Computer History Museum: Preserving Snobol and Spitbol Artifacts

I am one of the small circle of programmers still around to whom the phrases “snow ball” and “spit ball” have special meaning:

  • It’s not about snow or baseball;
  • When I spell them them both end in “bol”, as in “Snobol” and “Spitbol”
  • They are both programming languages
  • Thinking of either makes me think of the color green

Only those who have ever written a program in either of these languages can appreciate the surprise — mixed because it brought both good and bad news — with which I read the following e-mail sent my way by Bob Goldberg, someone I haven’t heard from in well over a decade:

Hi Dave,

It’s been a few years … I hope that you receive this email as I’ve had some trouble locating a live email id for you.

After Ralph Griswold passed away last year I found out that a co-worker at Adobe, Paul McJones, had secured his electronic archives for preservation at the Computer History Museum. Since I have more than a passing interest in preserving Spitbol artifacts I volunteered to assist and have taken on the task of identifying and preserving Snobol artifacts for the CHM.

Do you have any Spitbol (or Snobol) related material that we can preserve? As I remember it you did a Macro Spitbol port for the Cyber, but my memory may be faulty. The CHM can handle all forms of media: paper, mag tape, and even punched cards.

I still have fond memories of the Snobol/Spitbol workshop hosted at NYU about 30 years ago. I remember you and your wife hosted all of us for a dinner at your apartment. I also remember your giving me Jack’s book on compilers, which I still possess today. Thanks again! (I had planned to give it, along with other books, etc, to the CHM, but Al Kossow has already located a copy and scanned it!)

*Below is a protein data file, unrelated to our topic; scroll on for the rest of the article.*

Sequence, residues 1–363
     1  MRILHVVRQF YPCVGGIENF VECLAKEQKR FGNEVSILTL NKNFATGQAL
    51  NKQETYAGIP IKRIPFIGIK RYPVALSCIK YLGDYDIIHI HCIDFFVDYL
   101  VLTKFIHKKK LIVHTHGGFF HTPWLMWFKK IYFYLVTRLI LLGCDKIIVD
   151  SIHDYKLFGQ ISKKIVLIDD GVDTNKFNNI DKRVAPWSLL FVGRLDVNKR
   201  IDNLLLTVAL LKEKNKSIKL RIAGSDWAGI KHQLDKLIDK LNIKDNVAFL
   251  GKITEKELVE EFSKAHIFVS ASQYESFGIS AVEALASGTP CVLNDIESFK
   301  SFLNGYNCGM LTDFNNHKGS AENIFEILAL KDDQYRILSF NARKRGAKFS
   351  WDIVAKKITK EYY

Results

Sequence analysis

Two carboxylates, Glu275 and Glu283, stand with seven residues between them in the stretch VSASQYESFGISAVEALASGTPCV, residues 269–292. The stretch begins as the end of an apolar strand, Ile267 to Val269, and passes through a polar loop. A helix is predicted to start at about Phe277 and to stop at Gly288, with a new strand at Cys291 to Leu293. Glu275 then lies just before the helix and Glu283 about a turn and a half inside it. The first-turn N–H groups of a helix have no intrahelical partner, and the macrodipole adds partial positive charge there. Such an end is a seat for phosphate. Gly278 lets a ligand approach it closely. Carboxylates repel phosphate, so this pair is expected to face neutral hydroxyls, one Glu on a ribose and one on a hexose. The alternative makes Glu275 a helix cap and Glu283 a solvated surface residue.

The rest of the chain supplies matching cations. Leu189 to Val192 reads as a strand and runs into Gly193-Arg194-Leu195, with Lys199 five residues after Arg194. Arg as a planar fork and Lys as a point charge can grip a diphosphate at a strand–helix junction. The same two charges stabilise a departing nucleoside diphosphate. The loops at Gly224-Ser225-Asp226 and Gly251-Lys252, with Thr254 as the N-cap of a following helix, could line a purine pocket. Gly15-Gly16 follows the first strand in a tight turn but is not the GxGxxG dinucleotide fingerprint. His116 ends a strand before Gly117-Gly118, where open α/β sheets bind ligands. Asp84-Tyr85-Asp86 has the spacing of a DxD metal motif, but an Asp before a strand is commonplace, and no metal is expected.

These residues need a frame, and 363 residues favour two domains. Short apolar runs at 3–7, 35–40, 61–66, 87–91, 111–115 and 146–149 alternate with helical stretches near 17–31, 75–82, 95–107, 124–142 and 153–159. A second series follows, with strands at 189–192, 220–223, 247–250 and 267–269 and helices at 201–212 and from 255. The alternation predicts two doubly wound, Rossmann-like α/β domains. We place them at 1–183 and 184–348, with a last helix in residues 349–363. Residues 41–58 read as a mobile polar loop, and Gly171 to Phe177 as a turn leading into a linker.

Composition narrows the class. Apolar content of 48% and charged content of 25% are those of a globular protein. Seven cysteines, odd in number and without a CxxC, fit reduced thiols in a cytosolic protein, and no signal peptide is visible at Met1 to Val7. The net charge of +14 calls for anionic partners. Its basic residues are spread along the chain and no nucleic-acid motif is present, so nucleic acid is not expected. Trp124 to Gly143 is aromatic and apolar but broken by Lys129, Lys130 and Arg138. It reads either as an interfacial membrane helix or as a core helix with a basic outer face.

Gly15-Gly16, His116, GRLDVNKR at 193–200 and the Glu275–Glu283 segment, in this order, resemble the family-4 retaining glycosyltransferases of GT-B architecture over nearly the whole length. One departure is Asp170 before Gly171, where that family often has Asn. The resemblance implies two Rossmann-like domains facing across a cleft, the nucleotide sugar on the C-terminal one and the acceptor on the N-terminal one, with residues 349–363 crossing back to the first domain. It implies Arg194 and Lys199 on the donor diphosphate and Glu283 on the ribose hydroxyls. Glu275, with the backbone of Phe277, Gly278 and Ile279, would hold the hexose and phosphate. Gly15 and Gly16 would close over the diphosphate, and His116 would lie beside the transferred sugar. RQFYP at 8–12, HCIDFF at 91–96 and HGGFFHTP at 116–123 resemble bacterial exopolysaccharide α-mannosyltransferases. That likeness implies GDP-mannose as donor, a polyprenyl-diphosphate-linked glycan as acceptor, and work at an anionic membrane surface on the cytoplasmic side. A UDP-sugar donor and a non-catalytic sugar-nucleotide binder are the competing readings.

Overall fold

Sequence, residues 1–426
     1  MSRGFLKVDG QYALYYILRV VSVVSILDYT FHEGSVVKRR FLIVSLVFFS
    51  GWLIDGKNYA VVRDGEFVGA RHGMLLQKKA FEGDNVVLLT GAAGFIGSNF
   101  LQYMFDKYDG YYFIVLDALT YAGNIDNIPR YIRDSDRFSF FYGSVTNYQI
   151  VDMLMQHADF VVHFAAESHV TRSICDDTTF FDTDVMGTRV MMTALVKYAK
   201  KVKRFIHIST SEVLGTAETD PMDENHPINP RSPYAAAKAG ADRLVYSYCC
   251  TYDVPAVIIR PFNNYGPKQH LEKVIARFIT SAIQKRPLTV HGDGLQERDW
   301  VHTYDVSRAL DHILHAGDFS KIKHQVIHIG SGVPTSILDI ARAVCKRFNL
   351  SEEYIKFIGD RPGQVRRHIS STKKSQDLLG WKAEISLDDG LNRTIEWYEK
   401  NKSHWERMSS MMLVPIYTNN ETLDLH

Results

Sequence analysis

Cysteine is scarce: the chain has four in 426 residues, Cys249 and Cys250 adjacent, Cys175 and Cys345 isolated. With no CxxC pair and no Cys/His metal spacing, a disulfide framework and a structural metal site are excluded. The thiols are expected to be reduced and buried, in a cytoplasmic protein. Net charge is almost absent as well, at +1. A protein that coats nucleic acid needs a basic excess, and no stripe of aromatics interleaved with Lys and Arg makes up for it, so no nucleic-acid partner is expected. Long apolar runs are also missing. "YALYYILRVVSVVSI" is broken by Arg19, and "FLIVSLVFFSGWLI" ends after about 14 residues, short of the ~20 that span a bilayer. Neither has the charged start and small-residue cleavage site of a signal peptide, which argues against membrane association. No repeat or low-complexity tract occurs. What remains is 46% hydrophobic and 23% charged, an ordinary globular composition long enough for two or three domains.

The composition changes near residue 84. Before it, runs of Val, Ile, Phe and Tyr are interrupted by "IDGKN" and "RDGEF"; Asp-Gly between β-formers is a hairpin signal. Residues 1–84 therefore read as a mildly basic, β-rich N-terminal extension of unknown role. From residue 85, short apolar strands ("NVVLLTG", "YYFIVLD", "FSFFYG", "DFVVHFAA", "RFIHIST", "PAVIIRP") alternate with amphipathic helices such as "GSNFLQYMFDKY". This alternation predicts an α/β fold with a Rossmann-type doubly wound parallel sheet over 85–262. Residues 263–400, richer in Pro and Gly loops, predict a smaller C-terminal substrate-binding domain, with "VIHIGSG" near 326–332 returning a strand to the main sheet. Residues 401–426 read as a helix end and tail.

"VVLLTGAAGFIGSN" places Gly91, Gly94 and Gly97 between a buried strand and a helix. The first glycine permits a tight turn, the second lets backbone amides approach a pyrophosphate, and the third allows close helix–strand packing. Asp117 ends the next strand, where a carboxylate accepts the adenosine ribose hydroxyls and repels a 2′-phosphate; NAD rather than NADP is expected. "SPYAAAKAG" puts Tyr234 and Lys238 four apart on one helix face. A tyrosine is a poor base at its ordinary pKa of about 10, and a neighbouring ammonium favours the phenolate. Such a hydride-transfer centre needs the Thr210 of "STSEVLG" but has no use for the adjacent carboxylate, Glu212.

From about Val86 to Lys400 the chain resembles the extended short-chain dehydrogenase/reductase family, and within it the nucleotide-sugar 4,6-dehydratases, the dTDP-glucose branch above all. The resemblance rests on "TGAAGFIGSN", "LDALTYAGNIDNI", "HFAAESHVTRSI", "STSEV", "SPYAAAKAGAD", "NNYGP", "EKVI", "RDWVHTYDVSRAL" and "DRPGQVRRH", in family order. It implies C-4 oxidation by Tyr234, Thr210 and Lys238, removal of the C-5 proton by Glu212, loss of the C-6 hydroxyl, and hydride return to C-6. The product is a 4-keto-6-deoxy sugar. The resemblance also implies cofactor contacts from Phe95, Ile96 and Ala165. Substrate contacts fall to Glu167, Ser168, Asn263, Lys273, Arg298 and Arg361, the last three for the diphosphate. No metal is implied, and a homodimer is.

Here are some links that you might find interesting

Computer History Museum: Software Preservation Group

CHM: Cocke and Schwartz

bitsavers.org

Spitbol 360

Regards,

Bob

The reference to Jack is to Jacob “Jack” Schwartz and relates to the preservation of the text of “Cocke and Schwartz,” one of the seminal works on programming optmization. (Most of the text was written out in longhand while Jack spent several months on jury duty, and was then typed up by Connie Engle, who worked magic for many years at CIMS preparing mathematical manuscripts using the now-forgotten technology of the Selectric typewriter and its type balls, back in the days before Knuth’s Tex defined the standard for publishing scientific manuscripts.)

I worked with Robert B. K. Dewar, co-author (with Ken Belcher) of Spitbol/360 and Macro Spitbol (with Tony McCann), on the implementation of Spitbol for the CDC 6600 and later the IBM PC. Macro Spitbol was written in a pseudo-assembly language called MINIMAL, one of the cleverest and best-documented programming efforts I have ever been involved in.

So I ask anyone who may have SNOBOL or SPITBOL artifacts to heed Bob’s request. For my part, I’ll try to dig up a small colllection of programs that I used to balance my checkbook over a period of about fifteen years, and it would also I think be useful to publish at least the specification of MINIMAL, as it is such a fine piece of writing.